If the acquisition of grammatical competence is indeed controlled by a genetically endowed language faculty incorporating a theory of UG, it follows that certain aspects of child (and adult) competence are known without experience, and hence must be part of the genetic information about language with which we are biologically endowed at birth. Such aspects of language would not have to be learned, precisely because they form part of the child's genetic inheritance. If we make the (plausible) assumption that the language faculty does not vary significantly from one (normal) human being to another, those aspects of language which are innately determined will also be universal. Thus, in seeking to determine the nature of the language faculty, we are in effect looking for UG principles (i.e. principles of Universal Grammar) which determine the very nature of language.

But how can we uncover such principles? The answer is that since the relevant principles are posited to be universal, it follows that they will affect the application of every relevant type of grammatical operation in every language. Thus, detailed analysis of one grammatical construction in one language could reveal evidence of the operation of principles of Universal Grammar. By way of illustration, let's look at question-formation in English. In this connection, consider the following dialogue:

(4) SPEAKER A: He had said someone would do something
SPEAKER B: He had said who would do what?

In (4), speaker B largely echoes what speaker A says, except for replacing someone by who and something by what. For obvious reasons, the type of question produced by speaker B in (4) is called an echo question. However, speaker B could alternatively have replied with a non-echo question like that below:

(5) Who had he said would do what?

If we compare the echo question He had said who would do what? in (4) with the corresponding non-echo question Who had he said would do what? in (5), we find that (5) involves two movement operations which are not found in (4). One is an auxiliary inversion operation by which the past-tense auxiliary had is moved in front of its subject he. (As we shall see in chapter 2, an auxiliary is a word like had/would in (5) which carries grammatical properties such as tense/aspect/mood/modality.) The other is a wh-movement operation by which the wh-word who is moved to the front of the overall sentence, and positioned in front of had.

A closer look at questions like (5) provides evidence that there are UG principles which constrain the way in which movement operations may apply. An interesting property of the questions in (4) and (5) is that they contain two auxiliaries (had and would) and two wh-expressions (who and what). Now, if we compare (5) with the corresponding echo question in (4), we find that the first of the two auxiliaries (had) and the first of the wh-words (who) is moved to the front of the sentence in (5). If we try inverting the second auxiliary (would) and fronting the second wh-word (what), we end up with ungrammatical sentences, as we see from (6c-e) below (the key items are printed in bold/italics, and the corresponding echo question is given in parentheses; (6a) is repeated from the echo question in (4B), and (6b) is repeated from (5)):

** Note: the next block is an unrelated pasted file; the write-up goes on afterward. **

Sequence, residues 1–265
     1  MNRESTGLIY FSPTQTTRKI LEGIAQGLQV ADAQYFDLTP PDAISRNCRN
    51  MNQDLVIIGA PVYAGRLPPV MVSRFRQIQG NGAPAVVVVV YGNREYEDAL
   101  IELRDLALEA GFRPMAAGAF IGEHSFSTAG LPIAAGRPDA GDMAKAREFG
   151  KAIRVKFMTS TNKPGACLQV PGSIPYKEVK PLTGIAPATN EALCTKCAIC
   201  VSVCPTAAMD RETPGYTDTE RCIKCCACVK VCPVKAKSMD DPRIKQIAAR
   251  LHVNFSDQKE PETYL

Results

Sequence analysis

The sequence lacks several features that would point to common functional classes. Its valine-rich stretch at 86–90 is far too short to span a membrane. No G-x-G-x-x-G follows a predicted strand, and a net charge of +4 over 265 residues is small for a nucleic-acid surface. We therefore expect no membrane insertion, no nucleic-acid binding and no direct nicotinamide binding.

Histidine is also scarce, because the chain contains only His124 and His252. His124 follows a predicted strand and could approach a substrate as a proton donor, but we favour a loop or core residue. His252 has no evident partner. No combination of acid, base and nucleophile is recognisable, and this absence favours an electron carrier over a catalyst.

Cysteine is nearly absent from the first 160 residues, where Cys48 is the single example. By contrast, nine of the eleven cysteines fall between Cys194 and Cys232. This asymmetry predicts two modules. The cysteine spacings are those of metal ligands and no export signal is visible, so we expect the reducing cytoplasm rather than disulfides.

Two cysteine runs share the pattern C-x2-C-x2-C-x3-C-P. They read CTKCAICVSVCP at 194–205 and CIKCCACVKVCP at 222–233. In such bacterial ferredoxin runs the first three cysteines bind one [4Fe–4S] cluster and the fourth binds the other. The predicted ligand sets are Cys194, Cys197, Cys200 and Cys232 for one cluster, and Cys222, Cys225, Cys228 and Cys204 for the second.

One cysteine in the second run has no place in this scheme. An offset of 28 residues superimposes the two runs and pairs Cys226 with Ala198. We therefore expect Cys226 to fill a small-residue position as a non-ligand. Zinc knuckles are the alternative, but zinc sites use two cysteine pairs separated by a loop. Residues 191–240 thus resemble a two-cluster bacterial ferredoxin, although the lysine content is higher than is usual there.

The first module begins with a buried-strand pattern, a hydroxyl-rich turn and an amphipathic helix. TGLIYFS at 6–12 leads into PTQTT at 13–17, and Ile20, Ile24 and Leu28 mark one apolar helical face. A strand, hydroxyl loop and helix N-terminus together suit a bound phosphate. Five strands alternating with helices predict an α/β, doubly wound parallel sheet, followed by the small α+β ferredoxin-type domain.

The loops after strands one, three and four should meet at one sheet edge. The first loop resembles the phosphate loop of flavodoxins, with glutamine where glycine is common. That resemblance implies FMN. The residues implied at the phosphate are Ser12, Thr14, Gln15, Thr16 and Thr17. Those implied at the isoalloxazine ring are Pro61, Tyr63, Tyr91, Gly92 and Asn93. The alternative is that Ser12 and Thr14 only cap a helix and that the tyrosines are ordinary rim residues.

(6) (a) He had said who would do what? (= echo question)
(b) Who had he said would do what? (cf. He had said who would do what?)
(c) *Who would he had said do what? (cf. He had said who would do what?)
(d) *What had he said who would do? (cf. He had said who would do what?)
(e) *What would he had said who do? (cf. He had said who would do what?)

If we compare (6b) with its echo-question counterpart (6a) He had said who would do what? we see that (6b) involves preposing the first wh-word who and the first auxiliary had, and that this results in a grammatical sentence. By contrast, (6c) involves preposing the first wh-word who and the second auxiliary would; (6d) involves preposing the second wh-word what and the first auxiliary had; and (6e) involves preposing the second wh-word what and the second auxiliary would. The generalisation which emerges from the data in (6) is that auxiliary inversion preposes the closest auxiliary had (i.e. the one nearest the beginning of the sentence in (6a) above) and likewise wh-fronting preposes the closest wh-expression who. The fact that two quite distinct different movement operations (auxiliary inversion and wh-movement) are subject to the same locality condition (which requires preposing of the most local expression of the relevant type - i.e. the one nearest the beginning of the sentence) suggests that one of the principles of Universal Grammar incorporated into the language faculty is a Locality Principle which can be outlined informally as:

(7) Locality Principle
Grammatical operations are local

In consequence of (7), auxiliary inversion preposes the closest auxiliary, and wh-movement preposes the closest wh-expression. It seems reasonable to suppose that (7) is a principle of Universal Grammar (rather than an idiosyncratic property of question-formation in English). In fact, the strongest possible hypothesis we could put forward is that (7) holds of all grammatical operations in all natural languages, not just of movement operations; and indeed we shall see in later chapters that other types of grammatical operation (including agreement and case assignment) are subject to a similar locality condition. If so, and if we assume that abstract grammatical principles which are universal are part of our biological endowment, then the natural conclusion to reach is that (7) is a principle which is biologically wired into the language faculty, and which thus forms part of our genetic make-up.

© Cambridge University Press
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Table of Contents

1. Principles, parameters and universal grammar; 2. Categories and features; 3. Syntactic structure and merger; 4. Null constituents; 5. Head movement; 6. Wh-movement; 7. A-movement; 8. Case, agreement and movement; 9. Split projections; 10. Phases.